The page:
Saturday, 26 October 2013

Review: 'The Wise Man's Fear' by Patrick Rothfuss

My name is Kvothe. You may have heard of me.

The man was lost. The myth remained.
Kvothe – the dragon-slayer, the renowned swordsman, the most feared, famed and notorious wizard the world has ever seen – vanished without warning and without trace. And even now, when he has been found, when darkness is rising in the corner of the world, he will not return.

But his story lives on and, for the first time, Kvothe is going to tell it . . .
The Wise Man’s Fear is the second instalment of The Kingkiller Chronicles, a fantasy trilogy centred on the ‘autobiographical’ tale of the protagonist, Kvothe. It picks up where The Name of the Wind left off, continuing Kvothe’s tale without much  preamble, and cleverly reminds us of key events and important information as it goes along, rather than simply dumping it all at the start.

The format of the story follows the same pattern as the previous novel: Kvothe narrates the chronological events of his younger years, and the tale is occasionally interrupted by interludes focusing on the present day. Kvothe is one of the Edema Ruh, renowned travelling performers and famed for their storytelling skills; however, the narrative is somewhat stale and rambling when compared with the previous novel, perhaps because it covers a much shorter period of his life and strings it out over a thousand pages. Roughly half the novel is an account of Kvothe’s continued shenanigans at the university: most of these are highly amusing, though others seemed tediously similar to those in the previous book.

It’s clear that the author is playing with the concept of the unreliable narrator, and Kvothe is doubly unreliable: he’s narrating his story for an audience, and it is also being set down for posterity. As such it becomes something of a fun game for the reader to question some of his assertions: for example, he claims to have learned an entire language in a day in order to successfully be acquitted at a public trial; however, he deliberately skips over this part of his story, refusing to supply details of the trial because his readers will find it boring. He later proceeds to give a long and detailed account of his time in the Fae with Felurian, during which he spends several dull chapters doing a whole lot of nothing. Kvothe’s egotistic determination to focus on the parts that he finds most interesting is no doubt a deliberate part of the author’s message about the misleading nature of stories, and the dangers of becoming a legend in your own lifetime; unfortunately, this also makes the novel significantly less compelling than its predecessor.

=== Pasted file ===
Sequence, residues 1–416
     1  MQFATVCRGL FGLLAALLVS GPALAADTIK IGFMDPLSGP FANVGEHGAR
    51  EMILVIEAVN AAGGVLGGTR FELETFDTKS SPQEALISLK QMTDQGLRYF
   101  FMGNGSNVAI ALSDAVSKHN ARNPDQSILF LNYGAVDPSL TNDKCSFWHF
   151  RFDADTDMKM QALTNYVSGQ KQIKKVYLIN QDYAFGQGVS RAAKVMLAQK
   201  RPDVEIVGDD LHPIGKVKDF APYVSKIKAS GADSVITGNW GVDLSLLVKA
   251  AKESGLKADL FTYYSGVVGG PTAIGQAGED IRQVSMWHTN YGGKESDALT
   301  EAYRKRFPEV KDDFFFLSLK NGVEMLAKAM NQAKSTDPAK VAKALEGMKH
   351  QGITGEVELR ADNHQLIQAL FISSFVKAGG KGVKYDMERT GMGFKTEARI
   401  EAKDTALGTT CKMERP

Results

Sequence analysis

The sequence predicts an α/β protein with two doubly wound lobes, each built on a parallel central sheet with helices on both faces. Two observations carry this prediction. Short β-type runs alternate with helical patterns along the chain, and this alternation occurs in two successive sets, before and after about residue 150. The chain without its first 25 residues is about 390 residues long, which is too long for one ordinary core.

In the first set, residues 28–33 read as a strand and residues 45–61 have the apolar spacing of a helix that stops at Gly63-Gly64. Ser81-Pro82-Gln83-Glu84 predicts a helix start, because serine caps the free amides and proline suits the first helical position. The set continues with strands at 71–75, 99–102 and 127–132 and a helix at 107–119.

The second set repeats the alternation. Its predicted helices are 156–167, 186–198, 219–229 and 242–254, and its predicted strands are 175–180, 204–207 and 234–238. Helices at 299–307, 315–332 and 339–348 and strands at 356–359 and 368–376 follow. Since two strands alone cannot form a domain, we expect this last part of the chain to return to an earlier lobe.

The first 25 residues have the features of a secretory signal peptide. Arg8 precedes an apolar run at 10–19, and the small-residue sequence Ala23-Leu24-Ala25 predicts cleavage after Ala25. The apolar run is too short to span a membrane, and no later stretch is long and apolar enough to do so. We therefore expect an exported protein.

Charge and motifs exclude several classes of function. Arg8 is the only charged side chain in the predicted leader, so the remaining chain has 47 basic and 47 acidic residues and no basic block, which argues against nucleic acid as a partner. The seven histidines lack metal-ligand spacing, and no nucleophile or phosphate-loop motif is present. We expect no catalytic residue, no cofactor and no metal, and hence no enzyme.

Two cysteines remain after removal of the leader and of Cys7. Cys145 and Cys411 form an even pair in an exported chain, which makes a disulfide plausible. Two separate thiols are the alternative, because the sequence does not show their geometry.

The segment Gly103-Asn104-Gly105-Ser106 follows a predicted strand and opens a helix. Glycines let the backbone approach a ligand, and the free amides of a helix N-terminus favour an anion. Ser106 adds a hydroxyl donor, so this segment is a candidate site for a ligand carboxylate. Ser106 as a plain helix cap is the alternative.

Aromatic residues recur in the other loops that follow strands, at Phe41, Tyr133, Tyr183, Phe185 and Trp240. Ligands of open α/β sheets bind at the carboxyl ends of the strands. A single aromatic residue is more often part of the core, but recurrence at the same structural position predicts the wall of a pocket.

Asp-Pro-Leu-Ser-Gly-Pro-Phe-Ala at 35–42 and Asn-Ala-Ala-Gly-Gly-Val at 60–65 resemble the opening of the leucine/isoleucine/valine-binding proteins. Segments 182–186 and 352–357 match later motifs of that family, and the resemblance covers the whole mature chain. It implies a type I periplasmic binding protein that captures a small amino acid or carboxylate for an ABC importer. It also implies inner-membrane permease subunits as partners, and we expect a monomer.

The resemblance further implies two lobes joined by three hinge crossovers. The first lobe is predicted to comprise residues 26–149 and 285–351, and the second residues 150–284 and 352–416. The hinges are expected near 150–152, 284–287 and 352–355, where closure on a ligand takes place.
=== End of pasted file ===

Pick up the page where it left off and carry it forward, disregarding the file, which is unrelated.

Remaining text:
The Wise Man’s Fear isn’t without its strong points, though. One of Rothfuss’ biggest strengths is the ease with which he creates characters that are not only likeable, but also complex and memorable.  The Name of the Wind was almost solely focused on Kvothe; it was introspective and very much self-indulgent. In The Wise Man’s Fear, there is still plenty of this trademark self-indulgence to be found (Kvothe’s ego is not something to be easily pushed aside) but there is also a much wider awareness of the world and its inhabitants. The reader is given a distinct impression of each character no matter how infrequently that character appears in the story. We have Kilvin, the gruff yet somehow fatherly Master Artificer; Tempi, the quiet but deadly Adem mercenary; Denna, the flirtatious yet insecure con-artist-turned-musician; Bast, Kvothe’s loveable apprentice with a dark secret; Auri, the frail and flighty girl who lives beneath the university; and lots more.  Kvothe’s mentor, the enigmatic Master Elodin, has a relatively small amount of page space devoted to him, yet he is undoubtedly many readers’ favourite character, myself included. He is one of the nine Masters of the university and is more powerful in the magic of naming than most men alive; he is mischievous, brilliant, and ever-so-slightly insane; he walks on roofs, engages in petty crimes against other Masters who have offended him, and encourages his students to stand naked in thunderstorms.

My point is, it’s characters such as Elodin that make this story dance off the page, and I think this, along with the beautifully poetic narrative voice, is definitely one of the stronger aspects of The Wise Man’s Fear. Though some of the setting and events feel a little stale, and despite the fact that the plot is occasionally lacking, well, plot, The Wise Man’s Fear is an entertaining and passionate novel, and I would recommend it to those who thoroughly enjoyed The Name of the Wind.

My rating: 4/5

Click here to buy The Wise Man’s Fear on Amazon.
Click here to read my review of The Name of the Wind (Kingkiller Chronicle #1).

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